Economics is Easy
Economics is not as complicated as it sounds. The people that call themselves economists use some very big words. Most of these words, however, are simply the fancy versions of words like, value, profit, loss, cost, debt, gambling, agreement, growth, etc.
Economics is a very specific type of Anthropology that studies the way humans exchange things of value. If you really want to understand economics all you really have to do is study what you value and what you agree to give in exchange for it.
Everybody values food. Not everybody values quality in their food but everybody needs to eat. That is why the kitchen is the perfect place to study.
The first thing to note is that given the right appliances, ingredients and recipes our creations in the kitchen are limited only by our imaginations and taste buds.
The economy works the same way. Given the right infrastructure, raw materials, business plans and ingenuity humans can accomplish a lot. In fact, this is the world that most of today's economists live in which is proving to be a mistake.
The second thing that makes itself immediately obvious is the fact that we don't generally have access to the right appliances and ingredients to make every meal we desire.
There are limits to the size and extravagance of the meals we can make. Some ingredients are simply unavailable. Some are available but out of our price range. Most of us can't eat steak every night and can't afford saffron flavored buffalo wings.
The same can be said of the economy. There aren't enough resources for everybody to have an iPhone 5 or a house with a yard. We would need three Earth's to provide everybody alive today with a standard of living similar to that which is enjoyed by the US middle class.
In the kitchen some of the ingredients are more important than others. These ingredients are used in almost every recipe and without them almost nothing gets made. They might not be the biggest part of most recipes but they are vitally important to the resulting dish.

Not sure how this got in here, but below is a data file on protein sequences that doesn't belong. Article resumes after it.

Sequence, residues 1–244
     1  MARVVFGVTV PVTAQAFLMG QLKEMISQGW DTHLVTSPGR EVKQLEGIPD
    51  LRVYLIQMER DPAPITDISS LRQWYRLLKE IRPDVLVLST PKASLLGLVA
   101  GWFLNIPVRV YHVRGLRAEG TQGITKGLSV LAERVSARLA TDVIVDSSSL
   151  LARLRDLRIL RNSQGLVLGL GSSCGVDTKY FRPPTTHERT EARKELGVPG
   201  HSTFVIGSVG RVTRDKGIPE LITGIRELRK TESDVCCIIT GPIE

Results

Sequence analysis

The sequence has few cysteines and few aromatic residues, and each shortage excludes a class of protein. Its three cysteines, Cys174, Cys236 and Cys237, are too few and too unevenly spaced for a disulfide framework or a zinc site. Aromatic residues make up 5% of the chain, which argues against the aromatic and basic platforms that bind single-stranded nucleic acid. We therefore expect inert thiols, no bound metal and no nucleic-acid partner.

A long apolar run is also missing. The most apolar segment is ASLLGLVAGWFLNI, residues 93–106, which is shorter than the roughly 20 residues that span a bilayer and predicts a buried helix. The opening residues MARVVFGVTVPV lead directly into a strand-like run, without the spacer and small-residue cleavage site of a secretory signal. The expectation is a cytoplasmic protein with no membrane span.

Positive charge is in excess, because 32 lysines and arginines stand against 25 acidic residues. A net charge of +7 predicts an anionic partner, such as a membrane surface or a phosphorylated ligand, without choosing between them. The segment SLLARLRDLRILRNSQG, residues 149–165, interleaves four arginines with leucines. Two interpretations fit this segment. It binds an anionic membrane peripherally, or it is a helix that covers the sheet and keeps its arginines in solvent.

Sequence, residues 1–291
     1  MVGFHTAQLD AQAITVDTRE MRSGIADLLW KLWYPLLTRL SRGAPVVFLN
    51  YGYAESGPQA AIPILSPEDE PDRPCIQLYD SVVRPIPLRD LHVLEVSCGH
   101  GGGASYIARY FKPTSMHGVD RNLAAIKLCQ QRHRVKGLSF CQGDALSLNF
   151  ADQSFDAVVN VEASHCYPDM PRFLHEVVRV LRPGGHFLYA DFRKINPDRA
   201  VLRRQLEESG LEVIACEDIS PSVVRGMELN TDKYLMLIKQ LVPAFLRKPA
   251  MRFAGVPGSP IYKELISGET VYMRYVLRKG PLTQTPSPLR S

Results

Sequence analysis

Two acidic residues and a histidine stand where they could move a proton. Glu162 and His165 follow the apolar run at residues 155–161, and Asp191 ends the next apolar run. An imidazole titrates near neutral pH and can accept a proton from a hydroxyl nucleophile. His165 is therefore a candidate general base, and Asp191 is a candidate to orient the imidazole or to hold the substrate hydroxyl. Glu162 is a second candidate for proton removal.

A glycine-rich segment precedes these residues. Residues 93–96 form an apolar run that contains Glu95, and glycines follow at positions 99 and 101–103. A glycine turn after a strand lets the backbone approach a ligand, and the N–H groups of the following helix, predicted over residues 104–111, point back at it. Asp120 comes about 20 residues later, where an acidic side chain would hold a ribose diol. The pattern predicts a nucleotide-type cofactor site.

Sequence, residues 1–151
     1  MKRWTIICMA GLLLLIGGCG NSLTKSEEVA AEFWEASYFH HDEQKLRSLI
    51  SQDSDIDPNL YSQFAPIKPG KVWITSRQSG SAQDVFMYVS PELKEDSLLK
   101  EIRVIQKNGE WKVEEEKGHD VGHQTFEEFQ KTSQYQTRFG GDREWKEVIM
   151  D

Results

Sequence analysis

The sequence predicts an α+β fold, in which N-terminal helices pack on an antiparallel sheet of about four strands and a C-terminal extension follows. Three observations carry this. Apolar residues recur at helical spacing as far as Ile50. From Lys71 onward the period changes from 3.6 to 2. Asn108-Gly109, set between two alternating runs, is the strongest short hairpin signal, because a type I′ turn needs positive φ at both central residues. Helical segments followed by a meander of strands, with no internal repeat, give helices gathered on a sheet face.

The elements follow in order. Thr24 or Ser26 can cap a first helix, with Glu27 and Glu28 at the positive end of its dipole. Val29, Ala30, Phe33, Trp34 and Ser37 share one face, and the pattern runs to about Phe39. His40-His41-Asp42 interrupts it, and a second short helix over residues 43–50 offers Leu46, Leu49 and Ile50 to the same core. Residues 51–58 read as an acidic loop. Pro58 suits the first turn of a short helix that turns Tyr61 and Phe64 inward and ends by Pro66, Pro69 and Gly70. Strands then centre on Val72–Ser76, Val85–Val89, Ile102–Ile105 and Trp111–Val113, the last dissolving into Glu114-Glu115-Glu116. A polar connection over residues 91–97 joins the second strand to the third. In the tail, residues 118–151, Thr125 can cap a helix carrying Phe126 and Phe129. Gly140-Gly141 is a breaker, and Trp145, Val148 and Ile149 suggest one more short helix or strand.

Flour in a bakery is the best example.
The economy works the exact same way. There are some commodities, some raw materials that are so vitally important that without them almost all economic activity would stop.
The best and scariest example is oil. Oil and other fossil fuels don't make up a large part of US GDP but their existence is necessary for almost every kind of economic activity.
If oil is in limited supply (if it is expensive) then that limits all sorts of economic activity. The fancy word for that is recession which is the opposite of economic growth.
The economists are always expecting something called economic growth. In fact growth is what makes all of the debt we create possible. Without growth there is no way to pay back the principal of the loans plus interest.
The equivalent in the bakery is to expect it to produce slightly more cookies today than it did yesterday.
The first thing we'll note is that the process is going to require more flour every single day. As soon as the bakery looses access to increasing amounts of flour the growth in cookie production will stop.
The economy works the same way. Growth requires ever increasing amounts of resources. The most important resource to the industrial, financial and service industries in the US economy is oil.
Given that information we can then conclude that economic growth will stop the day we can no longer get more oil than we got yesterday.
The End of Economic Growth
That day happened in 2005. Global oil production stopped going up. No matter how much money or effort the oil companies threw at the problem they could not reliably pull more oil out of the ground.
This was the catalyst that set off a short chain of events that popped the housing bubble in 2007.
To read more about the limits to growth I highly recommend reading Gail Tverberg from OurFiniteWorld.com.
She is where I got this idea...
All you really need to know about the economy can be learned in the kitchen.